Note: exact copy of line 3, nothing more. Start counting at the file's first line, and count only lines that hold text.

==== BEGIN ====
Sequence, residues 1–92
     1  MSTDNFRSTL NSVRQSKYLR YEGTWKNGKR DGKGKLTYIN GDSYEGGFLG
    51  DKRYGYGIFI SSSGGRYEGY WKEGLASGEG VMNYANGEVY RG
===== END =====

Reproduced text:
    51  DKRYGYGIFI SSSGGRYEGY WKEGLASGEG VMNYANGEVY RG